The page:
Letters on the English Nation, Volume 2

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Page 243 - Never, lago. Like to the Pontic sea, Whose icy current and compulsive course Ne'er feels retiring ebb, but keeps due on To the Propontic and the Hellespont ; Even so my bloody thoughts, with violent pace, Shall ne'er look back, ne'er ebb to humble love. Till that a capable and wide revenge Swallow them up. — Now, by yond marble heaven, In the due reverence of a sacred vow {Kneels, I here engage my words.
Page 239 - O now, for ever, Farewell the tranquil mind ! Farewell content ! Farewell the plumed troop, and the big wars, That make ambition virtue ! O, farewell ! Farewell the neighing steed, and the shrill trump, The spirit-stirring drum, the ear-piercing fife, The royal banner ; and all quality. Pride, pomp, and circumstance of glorious war...
Page 234 - Who, certain of his fate, loves not his wronger ; But oh, what damned minutes tells he o'er Who doats, yet doubts; suspects, yet strongly loves!
Page 243 - O, that the slave had forty thousand lives ! One is too poor, too weak for my revenge. Now do I see 'tis true. Look here, lago ; All my fond love thus do I blow to heaven : 'Tis gone. Arise, black vengeance, from thy hollow cell ! Yield up, O love, thy crown and hearted throne To tyrannous hate ! Swell, bosom, with thy fraught, For 'tis of aspics
Page 239 - That make ambition virtue ! O, farewell ! Farewell the neighing steed, and the shrill trump, The spirit-stirring drum, th' ear-piercing fife, The royal banner; and all quality, Pride, pomp, and circumstance of glorious war! And O you mortal engines, whose rude throats Th' immortal Jove's dread clamours counterfeit, Farewell ! Othello's occupation's gone ! logo.
Page 240 - Villain, be sure thou prove my love a whore, — Be sure of it; give me the ocular proof; Or, by the worth of mine eternal soul, Thou hadst been better have been born a dog Than answer my wak'd wrath ! lago.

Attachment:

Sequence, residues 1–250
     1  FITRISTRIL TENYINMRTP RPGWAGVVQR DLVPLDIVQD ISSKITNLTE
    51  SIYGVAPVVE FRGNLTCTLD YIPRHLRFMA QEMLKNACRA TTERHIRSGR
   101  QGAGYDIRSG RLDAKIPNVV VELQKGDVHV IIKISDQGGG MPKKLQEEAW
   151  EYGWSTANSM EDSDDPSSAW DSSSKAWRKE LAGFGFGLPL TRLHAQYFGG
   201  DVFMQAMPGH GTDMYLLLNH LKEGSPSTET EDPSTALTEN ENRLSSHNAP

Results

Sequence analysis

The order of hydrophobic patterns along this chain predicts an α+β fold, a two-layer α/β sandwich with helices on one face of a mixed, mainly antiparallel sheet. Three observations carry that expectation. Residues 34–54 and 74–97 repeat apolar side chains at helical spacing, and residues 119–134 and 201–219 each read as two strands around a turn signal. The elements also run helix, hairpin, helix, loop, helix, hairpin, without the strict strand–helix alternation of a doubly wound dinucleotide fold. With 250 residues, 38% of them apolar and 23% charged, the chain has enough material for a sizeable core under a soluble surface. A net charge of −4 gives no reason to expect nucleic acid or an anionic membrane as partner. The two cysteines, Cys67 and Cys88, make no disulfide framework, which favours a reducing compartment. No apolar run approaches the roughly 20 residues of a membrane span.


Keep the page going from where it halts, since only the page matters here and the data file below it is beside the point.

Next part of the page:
Page 288 - Rumble thy fill ! fight whirlwind, rain and fire! Not fire, wind, rain, or thunder, are my daughters: I tax not you, ye elements, with unkindness : I never gave you kingdoms, call'd you children; You owe me no obedience. — Then let fall Your horrible pleasure ! — Here I stand your slave, A poor, infirm, weak, and despis'd old man.
Page 291 - Would I were affur'd Of my condition. Cor. O, look upon me, fir, And hold your hands in benediction o'er me : — No, fir, you muft not kneel'. Lear. Pray, do not mock me * : I am a very foolifh fond old man, Fourfcore and upward * ; and, to deal plainly, I fear, I am not in my perfeft mind 5.
Page 236 - Dangerous conceits are, in their natures, poisons, Which at the first are scarce found to distaste, But, with a little act upon the blood, Burn like the mines of sulphur.
Page 291 - O, look upon me, sir, And hold your hands in benediction o'er me: No, sir, you must not kneel. Lear. Pray, do not mock me : I am a very foolish fond old man, Fourscore and upward, not an hour more nor less; And, to deal plainly, I fear I am not in my perfect mind.

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